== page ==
Author of Dark, Paranormal, Suspense,& Romance: You never know where the words may lead.
Posting Schedule - On Indefinite Hiatus.
Footsteps of a Writer is a path from aspiring writer to published author and beyond. You will find writing tips and motivations, book reviews, author interviews and guest posts, personal insights into my writing life, and more.
I'm sure you've noticed the lack of posting this week. I recently bought a new home. I'm currently in the process of moving. This may continue for a few more days, but be assured I will be back posting regularly soon.
What makes an opening line become famous? Is it the words chosen? The rhythm produced? It's length? It seems strange that so much is put upon that first sentence of a piece of writing, but throughout history this has been the case.
Call me Ishmael.--Moby Dick (1851), Herman Melville
It was a bright cold day in April, and the clocks were striking thirteen.--1984 (Nineteen Eighty-Four) (1949), George Orwell
He was an old man who fished alone in a skiff in the Gulf Stream and he had gone eighty-four days now without taking a fish.--The Old Man and the Sea (1952), Ernest Hemingway
It was the best of times, it was the worst of times, it was the age of wisdom, it was the age of foolishness, it was the epoch of belief, it was the epoch of incredulity, it was the season of Light, it was the season of Darkness, it was the spring of hope, it was the winter of despair.--A Tale of Two Cities (1859) Charles Dickens
From short, to long, these sentences are proclaimed to be some of the most famous first lines in our history.
A table, two metal chairs, and Anthony Tyner occupied the small musty room.--The Keeper(2010) Cher Green
It seems like a good opening line. What do you think, does it compare?
How do your first lines compare? Share some of your most admired first lines in history.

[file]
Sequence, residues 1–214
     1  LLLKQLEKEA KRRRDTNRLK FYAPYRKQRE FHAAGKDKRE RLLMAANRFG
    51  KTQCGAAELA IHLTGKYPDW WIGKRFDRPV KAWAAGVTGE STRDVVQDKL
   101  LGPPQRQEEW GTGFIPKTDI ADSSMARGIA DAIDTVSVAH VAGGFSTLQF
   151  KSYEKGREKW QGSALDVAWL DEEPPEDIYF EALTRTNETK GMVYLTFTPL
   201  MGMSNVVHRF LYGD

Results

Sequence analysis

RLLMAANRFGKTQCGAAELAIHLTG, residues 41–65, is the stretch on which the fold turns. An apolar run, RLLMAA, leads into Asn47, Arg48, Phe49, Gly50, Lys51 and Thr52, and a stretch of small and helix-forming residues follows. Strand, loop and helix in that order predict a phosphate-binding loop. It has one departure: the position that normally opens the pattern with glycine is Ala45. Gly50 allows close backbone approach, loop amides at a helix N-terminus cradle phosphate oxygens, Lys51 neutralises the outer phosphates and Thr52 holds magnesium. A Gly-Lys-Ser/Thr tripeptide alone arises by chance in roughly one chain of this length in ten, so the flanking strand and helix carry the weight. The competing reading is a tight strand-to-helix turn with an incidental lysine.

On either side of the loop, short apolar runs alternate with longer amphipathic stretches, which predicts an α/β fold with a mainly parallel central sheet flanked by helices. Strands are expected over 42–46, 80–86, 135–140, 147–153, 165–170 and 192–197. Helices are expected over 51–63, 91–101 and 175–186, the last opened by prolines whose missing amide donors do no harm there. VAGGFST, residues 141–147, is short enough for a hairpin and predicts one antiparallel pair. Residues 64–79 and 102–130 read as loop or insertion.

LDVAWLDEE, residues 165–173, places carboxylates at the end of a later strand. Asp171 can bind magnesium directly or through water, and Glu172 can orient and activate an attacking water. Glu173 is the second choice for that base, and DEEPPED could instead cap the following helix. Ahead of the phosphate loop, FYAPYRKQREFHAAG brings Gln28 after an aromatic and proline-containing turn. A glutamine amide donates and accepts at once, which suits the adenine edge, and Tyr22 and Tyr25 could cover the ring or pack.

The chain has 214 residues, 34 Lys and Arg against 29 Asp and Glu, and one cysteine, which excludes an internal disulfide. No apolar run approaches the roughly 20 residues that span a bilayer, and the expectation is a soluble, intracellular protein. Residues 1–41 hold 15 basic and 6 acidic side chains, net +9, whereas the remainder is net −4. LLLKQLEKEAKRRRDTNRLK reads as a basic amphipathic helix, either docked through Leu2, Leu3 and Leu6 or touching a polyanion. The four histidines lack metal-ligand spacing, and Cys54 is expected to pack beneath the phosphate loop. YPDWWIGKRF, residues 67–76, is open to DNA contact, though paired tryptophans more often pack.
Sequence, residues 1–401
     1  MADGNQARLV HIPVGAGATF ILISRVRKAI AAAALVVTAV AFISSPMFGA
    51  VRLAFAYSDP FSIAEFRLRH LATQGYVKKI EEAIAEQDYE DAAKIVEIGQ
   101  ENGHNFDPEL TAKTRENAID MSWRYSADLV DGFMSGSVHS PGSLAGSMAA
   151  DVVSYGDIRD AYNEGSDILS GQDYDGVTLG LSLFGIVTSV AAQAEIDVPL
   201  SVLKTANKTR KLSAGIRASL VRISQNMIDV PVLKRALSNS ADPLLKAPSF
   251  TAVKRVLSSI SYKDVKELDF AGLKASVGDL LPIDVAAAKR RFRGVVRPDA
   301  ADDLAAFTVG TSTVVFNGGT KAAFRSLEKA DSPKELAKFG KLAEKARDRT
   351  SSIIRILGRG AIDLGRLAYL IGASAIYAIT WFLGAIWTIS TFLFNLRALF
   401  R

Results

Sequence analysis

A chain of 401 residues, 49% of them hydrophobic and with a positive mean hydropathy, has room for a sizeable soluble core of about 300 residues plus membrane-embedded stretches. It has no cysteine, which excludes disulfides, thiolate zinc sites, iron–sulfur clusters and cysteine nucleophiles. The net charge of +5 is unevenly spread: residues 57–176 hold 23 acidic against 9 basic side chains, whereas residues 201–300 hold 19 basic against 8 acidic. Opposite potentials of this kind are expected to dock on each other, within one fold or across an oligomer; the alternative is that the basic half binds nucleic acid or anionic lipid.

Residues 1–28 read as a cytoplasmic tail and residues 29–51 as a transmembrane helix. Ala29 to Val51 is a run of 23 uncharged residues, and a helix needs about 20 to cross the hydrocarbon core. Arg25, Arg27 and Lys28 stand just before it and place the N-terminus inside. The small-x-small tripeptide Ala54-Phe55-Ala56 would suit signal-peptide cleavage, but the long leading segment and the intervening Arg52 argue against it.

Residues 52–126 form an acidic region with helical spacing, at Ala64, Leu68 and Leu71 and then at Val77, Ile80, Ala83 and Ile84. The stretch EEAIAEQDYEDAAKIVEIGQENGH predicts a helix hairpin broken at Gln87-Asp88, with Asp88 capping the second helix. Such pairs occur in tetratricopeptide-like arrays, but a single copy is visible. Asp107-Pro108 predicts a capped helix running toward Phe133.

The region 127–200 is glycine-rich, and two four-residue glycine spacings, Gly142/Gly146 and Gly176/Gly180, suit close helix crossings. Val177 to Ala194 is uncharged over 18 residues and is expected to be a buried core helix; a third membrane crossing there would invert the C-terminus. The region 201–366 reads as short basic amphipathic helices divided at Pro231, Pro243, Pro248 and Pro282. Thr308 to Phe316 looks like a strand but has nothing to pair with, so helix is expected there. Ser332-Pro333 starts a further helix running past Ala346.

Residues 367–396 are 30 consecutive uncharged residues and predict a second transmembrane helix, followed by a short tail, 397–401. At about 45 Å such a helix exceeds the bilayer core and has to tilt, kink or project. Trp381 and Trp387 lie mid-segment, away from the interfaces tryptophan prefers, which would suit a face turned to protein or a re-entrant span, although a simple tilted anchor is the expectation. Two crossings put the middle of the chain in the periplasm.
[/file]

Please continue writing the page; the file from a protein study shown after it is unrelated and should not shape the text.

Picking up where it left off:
When I began writing, I had a tendency to recreate my stories rather than rewrite them. This resulted in multiple versions of my stories and confusion. I recently became aware that I am not alone, and this may be an issue that many new writers have.
Time and experience has pushed me passed this issue. I now rewrite the existing story and use any alternatives to create new stories.
For those of you experiencing this problem, my suggestion is to get a clear picture of your story line, write the story from beginning to end, and then edit. Your story line may change slightly as you write, or even majorly, but the point is once you get it complete, unless it is just not working, stick with your story line during editing and rewrites. If new ideas present themselves, take note and use them for your next story.
Share your experiences with this issue, and your solutions.
This is a question that has been asked many times over the years. Here is my opinion on the subject.
We go to English class and learn how to spell, the correct structure of a sentence, and the different parts of a sentence. We learn the correct way to create a paragraph, an article, and a story. We enroll in workshops to help us improve our writing skills.
Can writing be learned? Yes.
A writer is a person with a unique perception on life. He thrives to create new worlds, educate others, and/or entertain an audience (even if that audience is himself). He enjoys the process of building words into sentences, sentences into paragraphs, and paragraphs into stories or articles.